Although not my usual fare, today I’m featuring A History of Baitcasting in America by Emmett J. Babler.
A History of Baitcasting in America* by Emmett J. Babler
For full disclosure, Emmett is an acquaintance, and because I’ve heard about this book from almost the time of its inception, I’ve been curious to see how it turned out. I should also disclose that I’m not a fishing expert.
What is Baitcasting?
Baitcasting is one of the five types of angling. The others are still fishing, fly fishing, spinning, and spincasting. The key aspect of baitcasting is a specific kind of reel that must be controlled when the line is released. If not properly controlled, the line can loop and tangle, which experts call “backlash.” Its main advantage is that is it useful for heavier lures and heavier fish, although it can also be better under certain fishing conditions than other methods.
History of Baitcasting
The book starts with some background about the history of fishing — or more properly, angling — in Britain and then in the colonies. For example, the author reveals that George Washington enjoyed angling. In the early 1800s, baitcasting made its debut in Kentucky as a way to improve bass fishing. From there, it spread throughout the country.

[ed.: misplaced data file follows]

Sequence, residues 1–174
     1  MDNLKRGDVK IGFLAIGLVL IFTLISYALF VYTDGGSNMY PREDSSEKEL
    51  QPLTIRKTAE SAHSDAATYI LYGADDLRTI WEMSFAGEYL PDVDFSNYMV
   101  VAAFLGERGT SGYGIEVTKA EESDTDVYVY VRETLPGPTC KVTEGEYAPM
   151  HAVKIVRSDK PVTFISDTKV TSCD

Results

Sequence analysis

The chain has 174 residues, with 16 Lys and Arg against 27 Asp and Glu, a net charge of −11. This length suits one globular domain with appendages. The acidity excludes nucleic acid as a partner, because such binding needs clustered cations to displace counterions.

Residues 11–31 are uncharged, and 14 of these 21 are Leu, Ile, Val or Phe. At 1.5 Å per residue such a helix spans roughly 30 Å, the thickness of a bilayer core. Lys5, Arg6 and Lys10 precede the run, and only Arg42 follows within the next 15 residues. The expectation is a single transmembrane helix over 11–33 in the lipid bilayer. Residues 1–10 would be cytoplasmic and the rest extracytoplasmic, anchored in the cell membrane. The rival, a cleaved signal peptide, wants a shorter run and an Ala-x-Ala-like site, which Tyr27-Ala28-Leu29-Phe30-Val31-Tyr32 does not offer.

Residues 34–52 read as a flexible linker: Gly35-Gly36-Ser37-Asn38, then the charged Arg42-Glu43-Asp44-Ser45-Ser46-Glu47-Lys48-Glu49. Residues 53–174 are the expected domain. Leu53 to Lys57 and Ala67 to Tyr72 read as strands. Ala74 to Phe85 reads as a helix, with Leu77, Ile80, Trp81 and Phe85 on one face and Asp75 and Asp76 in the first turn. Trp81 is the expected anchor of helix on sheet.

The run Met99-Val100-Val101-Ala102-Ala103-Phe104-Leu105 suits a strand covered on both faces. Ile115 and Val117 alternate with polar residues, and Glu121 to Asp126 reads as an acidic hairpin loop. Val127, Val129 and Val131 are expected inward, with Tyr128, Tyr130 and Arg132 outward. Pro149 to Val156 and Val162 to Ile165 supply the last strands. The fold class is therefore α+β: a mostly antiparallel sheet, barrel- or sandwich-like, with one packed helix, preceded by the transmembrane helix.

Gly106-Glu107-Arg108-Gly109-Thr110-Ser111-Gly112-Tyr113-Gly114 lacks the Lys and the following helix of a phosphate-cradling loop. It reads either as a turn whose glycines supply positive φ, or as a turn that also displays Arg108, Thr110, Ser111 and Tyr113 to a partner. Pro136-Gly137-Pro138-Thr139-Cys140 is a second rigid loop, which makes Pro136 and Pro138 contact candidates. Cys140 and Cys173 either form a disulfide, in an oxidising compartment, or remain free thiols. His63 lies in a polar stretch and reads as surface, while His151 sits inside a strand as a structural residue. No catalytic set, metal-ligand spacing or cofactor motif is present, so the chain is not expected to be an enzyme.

Emmett documents the changes/advancements to the equipment and techniques up to modern day, as well as the people who made them happen. He includes information about developments in fishing line, rods, and lures, too. Anglers used silk line prior to the discovery of Dacron. It seems like silk would be flimsy, but it was braided in a special way. It did deteriorate if left wet, which would possibly be an advantage. If you’ve ever walked along the shoreline of a popular fishing spot, you know what I mean.
I appreciate that Emmett has included information on the status of the fish populations over time, as well. It was surprising how early in our history the fish numbers began to decline. As more and more people started angling, over-fishing became an issue. Environmental factors also caused fish numbers to decline in many areas. Conservation soon became necessary, with stricter rules or codes to protect the fish.
This is a complete and well-researched book. The back matter includes “Works Cited,” “A Tribute to Stanley Fagerstrom,” and an Index.
Overall, A History of Baitcasting in America is engaging and informative. Anglers will find it particularly useful, but anyone interested in history may enjoy it, too.
If you’d like to learn more or contact Emmett J. Babler, be sure to visit his website.